I am still blown away by this book after finishing it four days ago. The beginning was better formed than in the other books (straight into action) and although I kept waiting for the Dumbledore-Harry-tell-all throughout the book, I didn't get tired of waiting. The Weasley twins doing what they do best, the DA, the real Neville starting to shine through, Ron finally getting the rep he deserves, Ron-Hermione-thing developing...an action-packed book throughout. And Harry's troubles just added to the way his character has been developing in the books. The fight at the Ministry of Magic was a good plot-twist, although ****'s death was just too sudden and simple. Like Harry, I just couldn't believe it had happened. Well, I wouldn't rule this character out of the books just yet, but we'll see...
All in all, I really loved this book. The first two books in the series were quite superficial (compared to the rest, but excellent reads nonetheless), but from the third one onwards there has been so much character development and in general a more serious note that the books really affect the reader. The fourth one still is my favourite after reading this fifth, but that may change after I've had more time to digest it.
I recommend this book to anyone who is even mildly interested in Harry Potter and his magical world, but if you're new to the series, start at the beginning with the first book. Or at least from book three, because with HP books some plot-lines started in previous books culminate in the next books or the ones after that.
All the hard-core HP fans have already read it so there's no point in recommending it to them. Hem,hem...
Once again, JK Rowling has delivered a masterpiece, Kudos to her!
on 1 July 2003
Ok, ok, not COMPLETELY different, but I am pleased to say J.K Rowling has very successfully incorporated some interesting variations in this, her 5th book in the fantasic Harry Potter series.
Most obvious of these variations is contained in the first 100 or so, the majority of which do not (squealer coming up for those who haven't read it yet) take place at the Dursley's or Hogwarts. I won't say anymore, apart from that I feel adults like myself will enjoy this section the most.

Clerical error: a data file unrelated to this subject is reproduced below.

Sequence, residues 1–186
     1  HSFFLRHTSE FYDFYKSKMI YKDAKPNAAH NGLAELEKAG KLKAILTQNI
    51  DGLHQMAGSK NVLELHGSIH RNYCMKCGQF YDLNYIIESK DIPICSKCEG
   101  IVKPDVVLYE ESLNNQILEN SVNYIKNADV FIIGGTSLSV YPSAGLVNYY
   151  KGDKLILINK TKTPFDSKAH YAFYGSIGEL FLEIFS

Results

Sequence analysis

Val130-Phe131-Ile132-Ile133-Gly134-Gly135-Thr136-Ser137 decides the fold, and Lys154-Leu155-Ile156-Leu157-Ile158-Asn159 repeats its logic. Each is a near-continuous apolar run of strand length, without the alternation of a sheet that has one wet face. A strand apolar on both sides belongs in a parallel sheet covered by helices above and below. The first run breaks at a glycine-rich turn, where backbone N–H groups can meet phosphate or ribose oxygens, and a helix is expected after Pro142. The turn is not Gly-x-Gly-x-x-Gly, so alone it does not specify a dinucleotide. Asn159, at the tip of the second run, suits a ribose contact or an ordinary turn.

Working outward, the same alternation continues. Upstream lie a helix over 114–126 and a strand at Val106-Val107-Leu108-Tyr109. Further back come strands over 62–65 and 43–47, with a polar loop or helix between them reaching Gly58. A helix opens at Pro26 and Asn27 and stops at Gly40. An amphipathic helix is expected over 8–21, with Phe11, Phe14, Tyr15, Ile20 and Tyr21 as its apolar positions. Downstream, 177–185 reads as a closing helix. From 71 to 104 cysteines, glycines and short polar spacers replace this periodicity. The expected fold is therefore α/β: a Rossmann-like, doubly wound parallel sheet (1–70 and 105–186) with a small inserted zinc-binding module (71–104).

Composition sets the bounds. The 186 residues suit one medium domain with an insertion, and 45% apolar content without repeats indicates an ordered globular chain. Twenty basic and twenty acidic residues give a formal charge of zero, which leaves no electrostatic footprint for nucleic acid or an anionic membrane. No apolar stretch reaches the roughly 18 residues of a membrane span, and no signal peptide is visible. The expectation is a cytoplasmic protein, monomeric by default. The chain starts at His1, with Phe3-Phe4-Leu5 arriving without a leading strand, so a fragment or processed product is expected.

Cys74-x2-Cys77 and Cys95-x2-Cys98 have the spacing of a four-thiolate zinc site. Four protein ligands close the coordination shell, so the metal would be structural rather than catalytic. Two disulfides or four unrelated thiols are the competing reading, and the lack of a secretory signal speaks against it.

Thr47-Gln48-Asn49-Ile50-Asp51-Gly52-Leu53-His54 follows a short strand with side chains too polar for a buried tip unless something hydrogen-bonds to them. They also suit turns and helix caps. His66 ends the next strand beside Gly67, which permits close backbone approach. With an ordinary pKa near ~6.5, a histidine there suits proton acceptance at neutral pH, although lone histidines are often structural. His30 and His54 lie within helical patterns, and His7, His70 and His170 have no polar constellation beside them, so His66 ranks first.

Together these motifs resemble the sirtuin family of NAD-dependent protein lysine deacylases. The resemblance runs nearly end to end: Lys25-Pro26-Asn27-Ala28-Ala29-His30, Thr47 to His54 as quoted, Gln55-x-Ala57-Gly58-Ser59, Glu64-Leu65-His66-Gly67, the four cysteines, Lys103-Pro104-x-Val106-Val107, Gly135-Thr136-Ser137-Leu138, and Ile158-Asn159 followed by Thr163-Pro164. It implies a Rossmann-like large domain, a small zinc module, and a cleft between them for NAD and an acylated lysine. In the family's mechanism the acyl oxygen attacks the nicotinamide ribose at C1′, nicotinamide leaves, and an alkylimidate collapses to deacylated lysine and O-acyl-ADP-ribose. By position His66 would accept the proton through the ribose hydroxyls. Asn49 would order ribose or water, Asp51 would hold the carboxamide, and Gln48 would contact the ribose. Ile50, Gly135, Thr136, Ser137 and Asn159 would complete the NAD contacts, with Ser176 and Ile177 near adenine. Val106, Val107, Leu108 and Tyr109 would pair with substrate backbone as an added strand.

Avid readers of the series will notice other not-so-subtle changes, including fits of temper, a higher frequency of angry arguments, and an almost continuous inner monologue from our hero. Yes! Harry Potter's hormones have finally kicked, and not a moment too soon. Their arrival lends brilliantly to some of the funniest moments of the novel, which, I warn the faint-hearted, don't come that often.
This is without a doubt the darkest Harry Potter book so far, and I squirm to think how it will eventually end up on screen. But despite the immense evil that is always oppresively felt, it is also the most 'Harry' novel of the series so far. What I mean by that is that we get in 'The Order of the Phoenix' a closeness to the protagonist such as we have never experienced before, a closeness that will rip your heart out when you reach the horribly anticipated death - it'll have you sobbing.
So, enjoy the ride, readers! I'm sure I am not alone in dreading the day that Harry Potter is finally laid to rest (metaphorically, one hopes) - the world of literature will mourn it's loss. Only two more books to go........
on 30 June 2003
It is lovely to see that as our hero gets older, J.K Rowlings books mature along with him. The Goblet of Fire I felt was darker than its predecessors, and the Order of the Phoenix follows this lead taking Harry through more threatening times than he has as yet encountered.